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Red Wine Appellations:
Bordeaux Supérieur
Premiéres Côtes de Blaye
Bourg or Côtes de Bourg
Bordeaux - Côtes de Francs
Côtes de Castillon
Graves de Vayres
Premières Côtes de Bordeaux
Sainte-Foy Bordeaux
Saint-Emilion Grand Cru
Lussac - Saint-Emilion
Montagne - Saint-Emilion
Puisseguin - Saint-Emilion
Saint Georges - Saint-Emilion
Rosé Wine Appellations:

Bordeaux rosé
Bordeaux clairet
Crémant de Bordeaux
Dry White Wine Appellations:

Sauvignon de Bordeaux
Crémant de Bordeaux
Entre-deux-Mers Haut-Benauge
Bordeaux Haut-Benauge
Côtes de Blaye
Premières Côtes de Blaye
Côtes de Bourg
Bordeaux-Côtes de Francs
Graves de Vayres
Sweet White Wine Appellations:

Bordeaux Supérieur
Premières Côtes de Bordeaux
Côtes de Bordeaux - Saint Macaire
Sainte-Foy Bordeaux
Graves Supérieures
Tough Times for Bordeaux

Next year, the world market will see a 35 percent cut in generic
Bordeaux exports. The largest of France's wine regions is in crisis.
But not to worry, the premier crus are still coming in, if you can afford them.

By Jonathan Platt

"In what was once the uncontested Mecca of wine, the 2003 vintages are quietly fermenting in the caves of prestigious châteaux in Bordeaux. Nonetheless, even though they have already been sold as futures at double the 2002 prices, winemakers are having a hard time handling the new reality.

It mattered little that even the famous classified growths came out with second and third labels, sometime even fourth labels, thus using the name while trying to move more generic products at lower prices.

Because of the competition arising from newer wine producing areas such as California, Australia, Argentina, Chile, New Zealand and South Africa, who have improved their vinification process by hiring French and Italian consultants, consumers started preferring the richer, cheaper wines on the market, and the interest for generic French wines has declined.

"Domestic consumption is down, foreign competition and the weak dollar have battered exports, overproduction is rampant and needed changes are thwarted by obsolete rules. Bordeaux has been hit particularly hard because it is the largest of the country's wine regions and wine is central to its economy. The Bordeaux appellation comprises well over 10,000 wine properties, most of them small - 20 acres or less - and many of them are in trouble," according to Frank Prial of the New York Times.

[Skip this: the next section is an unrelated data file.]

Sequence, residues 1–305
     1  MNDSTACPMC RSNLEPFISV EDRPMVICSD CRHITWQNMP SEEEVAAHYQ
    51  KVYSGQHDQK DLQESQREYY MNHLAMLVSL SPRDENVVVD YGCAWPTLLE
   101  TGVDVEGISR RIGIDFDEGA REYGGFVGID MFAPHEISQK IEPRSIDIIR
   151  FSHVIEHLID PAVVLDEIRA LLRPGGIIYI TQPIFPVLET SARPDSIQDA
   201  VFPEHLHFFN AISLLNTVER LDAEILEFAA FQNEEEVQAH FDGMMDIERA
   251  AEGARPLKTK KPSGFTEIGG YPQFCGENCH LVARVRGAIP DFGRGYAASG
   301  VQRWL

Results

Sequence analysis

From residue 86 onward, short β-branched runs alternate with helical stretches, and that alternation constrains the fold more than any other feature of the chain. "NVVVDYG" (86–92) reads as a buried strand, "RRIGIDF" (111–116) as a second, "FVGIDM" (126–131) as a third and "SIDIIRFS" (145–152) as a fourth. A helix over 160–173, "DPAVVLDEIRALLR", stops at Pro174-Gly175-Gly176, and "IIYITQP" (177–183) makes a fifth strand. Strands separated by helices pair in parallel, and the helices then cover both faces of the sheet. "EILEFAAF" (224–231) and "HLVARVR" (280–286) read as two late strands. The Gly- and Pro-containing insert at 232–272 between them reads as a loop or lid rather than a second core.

Crisis in Bordeaux
Because a classified growth Premier Cru bottle of wine can sell up to 100 times more than a generic wine, smaller landholders and producers have been overproducing to pay their bills. Many, who had heavily borrowed from banks to purchase their land at peak prices in the hope of producing wines that would be sold internationally, and who depend on their wine for their living, may be forced to close over the next few years.

Their demand from the Bordeaux Wine Council: to regulate prices, to permit them to blend wines from other regions with their own, and to name their wines by the grape name, such as Cabernet Sauvignon, Merlot or Chardonnay, as is now becoming a standard appellation in the rest of the world, instead of labeling their wines geographically with the name of the village where they grow (for instance: there are 151 châteaux with Figeac in their name), were only met partially. All of the above could only be applied to the cheapest country wines, decreed the Wine Council. Which, of course, was rejected by the winemakers who feel pride in the Bordeaux appellation.

As a result, the strategy adopted by the Bordeaux Wine Council, which includes both the world-famous châteaux and the independent producers, is to concentrate on marketing better quality wines and to hold less expensive wines off the market in 2004.

  • Growers and shippers say exports of French wines, including Bordeaux, dropped 5 percent in 2003.
  • Exports from the United States rose 17 percent and from Australia 25 percent.
  • Australia edged out France as the principal wine exporter to Britain for the first time last year.


Since you cannot always taste a wine before buying it, knowing how to read its label is the key to smart shopping and ordering.

Items required by law to appear on the label:
  1. The name of the A.O.C. (Appellation d'Origine Contrôlée) wine-growing region, district, or village to which the wine is entitled according to how it was produced. For example, a wine from the Saint-Emilion district would be labeled "Appellation Saint-Emilion Contrôlée."
  2. The volume of the wine in the bottle, 75 centiliters (just under one liter) is standard
  3. The percentage of alcohol by volume which varies by appellation.
  4. The control number or lot identification number (this may instead appear on the back label or on the metal capsule). "Mis en bouteille au château" means that the wine is château-bottled. Other variations: "mis en bouteille à la propriété" (bottled at the property), "mis en bouteille dans la région de production" (bottled in the region of production), or "mis en bouteille dans nos caves" (bottled in our cellars).
  5. The country of origin must be indicated on all exported wine. "Product of France" (Produit de France) can also be used. Starting with the 2000 vintage, the designation "Vin de Bordeaux" or "Grand Vin de Bordeaux".
Other optional information is often placed on labels:
  1. The vintage or year in which the grapes were harvested. 100% of the wine must be from the year on the label.
  2. The château name, which is also the name of both the product and the producer. If it is not a château wine, then the regional appellation or a brand name is usually mentioned.
  3. Art or logo representing the château.
  4. A bottle number, not to be confused with the control number.

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